People's Trust for Endangered Species

Woodland sanctuary for dormice and red squirrels

Briddlesford Woods on the Isle of Wight contains a unique ecosystem of rare and endangered wildlife including dormice, red squirrels, barbastelles and Bechstein’s bats, wood crickets and narrow-leaved lungwort. It is a site of national and international importance for woodland mammals holding key populations of threatened species and it is vital that it is protected and maintained.

history Campaign has now closed

It ran from 9:30 AM, 23 February 2009 to 9:00 AM, 18 May 2009

Registered Charity in England and Wales (274206)

Check mark Match funded

Amount raised

£12,914

Donations

143

    Category

  • AnimalsAnimals
  • Environment/ConservationEnvironment/Conservation

    Helping

  • Children (3-18)Children (3-18)
  • Older PeopleOlder People
  • Women & GirlsWomen & Girls
  • Young People (18-30)Young People (18-30)
  • OtherOther

Location

Situation

At Briddlesford Woods we are restoring the woodland to its former glory and protecting the rare species it sustains. In order to maintain and improve this unique habitat and its outstanding variety of animals and plants, consistent and well-planned management is needed. We are carefully managing the woodlands by • planting thousands of native trees to encourage the regeneration of surrounding copses • regularly coppicing to ensure hazelnuts for the native red squirrels and dormice and to encourage wildflowers and insects • monitoring the priority species including regular checks of over 400 dormouse boxes • planting hedgerow corridors to link woodland habitat • keeping rides open to provide light and good habitat for wild flowers, butterflies and other insects • grazing the farmland fields and sowing two of them with spring wheat left as overwintered stubbles for birds and rare arable plants such as the nationally-scarce broad-leaved spurge and lesser quaking grass • creating ponds in the grassland fields to attract frogs, diving beetles and dragon flies • non intervention in some parts of the copse where natural processes are permitted to shape the woodland composition and structure Managing the woodlands for dormice is a top priority. Through our careful monitoring of the dormouse population, we have watched the decline slow to a stable though still vulnerable position so our ongoing management of the woodland is absolutely vital. While we have achieved a great deal since we purchased this site in 1991 there is still a lot more to do. We benefit from some grant assistance from the government and its agencies for managing these reserves. The rest of the funds required we have to raise ourselves each year and we are appealing for donations to our Briddlesford Woods fund so that we can plan our protection of this unique place into the future with confidence. Please help us if you can.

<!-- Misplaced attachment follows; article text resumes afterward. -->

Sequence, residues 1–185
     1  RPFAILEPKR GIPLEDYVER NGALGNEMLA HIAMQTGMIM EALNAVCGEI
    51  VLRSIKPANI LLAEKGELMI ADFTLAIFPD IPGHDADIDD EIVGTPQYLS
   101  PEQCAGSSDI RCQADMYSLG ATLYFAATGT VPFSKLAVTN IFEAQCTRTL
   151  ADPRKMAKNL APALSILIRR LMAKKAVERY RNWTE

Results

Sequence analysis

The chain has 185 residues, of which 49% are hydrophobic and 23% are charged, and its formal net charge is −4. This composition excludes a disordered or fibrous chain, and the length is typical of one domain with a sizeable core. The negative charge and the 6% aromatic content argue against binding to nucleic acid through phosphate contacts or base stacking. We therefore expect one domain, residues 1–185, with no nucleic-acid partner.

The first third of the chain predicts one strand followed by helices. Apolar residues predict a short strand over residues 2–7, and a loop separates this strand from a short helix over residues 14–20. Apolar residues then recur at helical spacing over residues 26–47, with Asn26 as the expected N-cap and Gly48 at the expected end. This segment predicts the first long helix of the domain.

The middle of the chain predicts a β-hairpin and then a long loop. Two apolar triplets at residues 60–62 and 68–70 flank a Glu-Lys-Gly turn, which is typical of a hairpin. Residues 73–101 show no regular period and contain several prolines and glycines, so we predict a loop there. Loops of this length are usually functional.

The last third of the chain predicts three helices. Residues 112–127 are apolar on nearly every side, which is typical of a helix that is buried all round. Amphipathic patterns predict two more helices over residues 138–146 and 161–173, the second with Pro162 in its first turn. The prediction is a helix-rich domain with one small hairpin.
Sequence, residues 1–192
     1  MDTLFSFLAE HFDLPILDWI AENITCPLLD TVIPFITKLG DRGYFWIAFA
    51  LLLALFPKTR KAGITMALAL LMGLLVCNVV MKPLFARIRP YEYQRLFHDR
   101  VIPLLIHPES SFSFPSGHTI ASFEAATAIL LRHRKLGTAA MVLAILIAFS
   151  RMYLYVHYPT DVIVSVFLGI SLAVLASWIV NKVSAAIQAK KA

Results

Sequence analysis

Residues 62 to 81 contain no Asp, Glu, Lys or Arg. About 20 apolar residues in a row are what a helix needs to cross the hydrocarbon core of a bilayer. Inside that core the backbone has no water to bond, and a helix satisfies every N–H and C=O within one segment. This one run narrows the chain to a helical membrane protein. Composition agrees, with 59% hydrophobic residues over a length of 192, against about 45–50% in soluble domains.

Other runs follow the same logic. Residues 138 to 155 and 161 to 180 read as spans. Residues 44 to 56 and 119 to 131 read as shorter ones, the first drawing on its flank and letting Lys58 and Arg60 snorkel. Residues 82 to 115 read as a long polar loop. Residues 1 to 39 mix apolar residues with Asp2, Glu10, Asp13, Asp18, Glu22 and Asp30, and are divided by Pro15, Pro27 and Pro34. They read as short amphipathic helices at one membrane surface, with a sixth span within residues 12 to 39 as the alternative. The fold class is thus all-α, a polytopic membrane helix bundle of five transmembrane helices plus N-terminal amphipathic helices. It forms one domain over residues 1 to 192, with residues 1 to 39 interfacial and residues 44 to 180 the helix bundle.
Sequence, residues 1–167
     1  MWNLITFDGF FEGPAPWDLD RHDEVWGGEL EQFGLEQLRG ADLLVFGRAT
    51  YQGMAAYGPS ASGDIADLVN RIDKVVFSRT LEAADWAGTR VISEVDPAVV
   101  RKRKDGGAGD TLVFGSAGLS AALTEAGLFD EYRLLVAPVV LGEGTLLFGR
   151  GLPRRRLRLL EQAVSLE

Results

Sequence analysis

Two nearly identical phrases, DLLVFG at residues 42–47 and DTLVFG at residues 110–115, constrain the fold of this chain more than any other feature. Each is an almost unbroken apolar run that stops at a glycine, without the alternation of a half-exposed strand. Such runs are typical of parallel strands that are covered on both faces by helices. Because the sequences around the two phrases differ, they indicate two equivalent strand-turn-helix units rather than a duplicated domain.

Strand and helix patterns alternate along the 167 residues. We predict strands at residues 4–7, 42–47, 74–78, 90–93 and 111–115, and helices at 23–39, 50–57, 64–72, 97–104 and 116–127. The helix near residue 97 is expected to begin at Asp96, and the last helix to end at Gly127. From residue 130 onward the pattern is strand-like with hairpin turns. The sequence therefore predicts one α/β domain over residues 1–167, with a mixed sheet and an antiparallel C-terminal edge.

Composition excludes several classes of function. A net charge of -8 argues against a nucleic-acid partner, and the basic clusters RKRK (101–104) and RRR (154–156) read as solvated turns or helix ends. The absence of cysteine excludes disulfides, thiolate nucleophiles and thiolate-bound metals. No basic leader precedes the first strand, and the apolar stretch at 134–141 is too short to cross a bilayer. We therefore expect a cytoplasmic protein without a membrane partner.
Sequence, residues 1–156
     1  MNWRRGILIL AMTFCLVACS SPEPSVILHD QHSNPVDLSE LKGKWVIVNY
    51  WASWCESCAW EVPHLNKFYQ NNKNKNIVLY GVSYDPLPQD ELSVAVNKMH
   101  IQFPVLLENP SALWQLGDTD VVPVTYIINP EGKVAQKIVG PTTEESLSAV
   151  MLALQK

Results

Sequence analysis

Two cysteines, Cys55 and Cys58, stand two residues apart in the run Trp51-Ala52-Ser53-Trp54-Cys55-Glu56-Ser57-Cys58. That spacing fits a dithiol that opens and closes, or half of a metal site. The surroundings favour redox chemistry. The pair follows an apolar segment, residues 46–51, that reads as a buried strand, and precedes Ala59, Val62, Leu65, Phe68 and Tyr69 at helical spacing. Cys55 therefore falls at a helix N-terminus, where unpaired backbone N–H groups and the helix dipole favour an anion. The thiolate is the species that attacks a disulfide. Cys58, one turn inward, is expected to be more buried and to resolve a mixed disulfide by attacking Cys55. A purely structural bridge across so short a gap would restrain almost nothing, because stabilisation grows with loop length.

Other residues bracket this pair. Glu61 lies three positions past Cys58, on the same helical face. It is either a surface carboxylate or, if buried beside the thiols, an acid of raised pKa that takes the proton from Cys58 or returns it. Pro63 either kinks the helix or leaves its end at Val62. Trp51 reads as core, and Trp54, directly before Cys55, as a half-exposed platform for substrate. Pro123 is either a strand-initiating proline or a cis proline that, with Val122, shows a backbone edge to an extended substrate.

Solution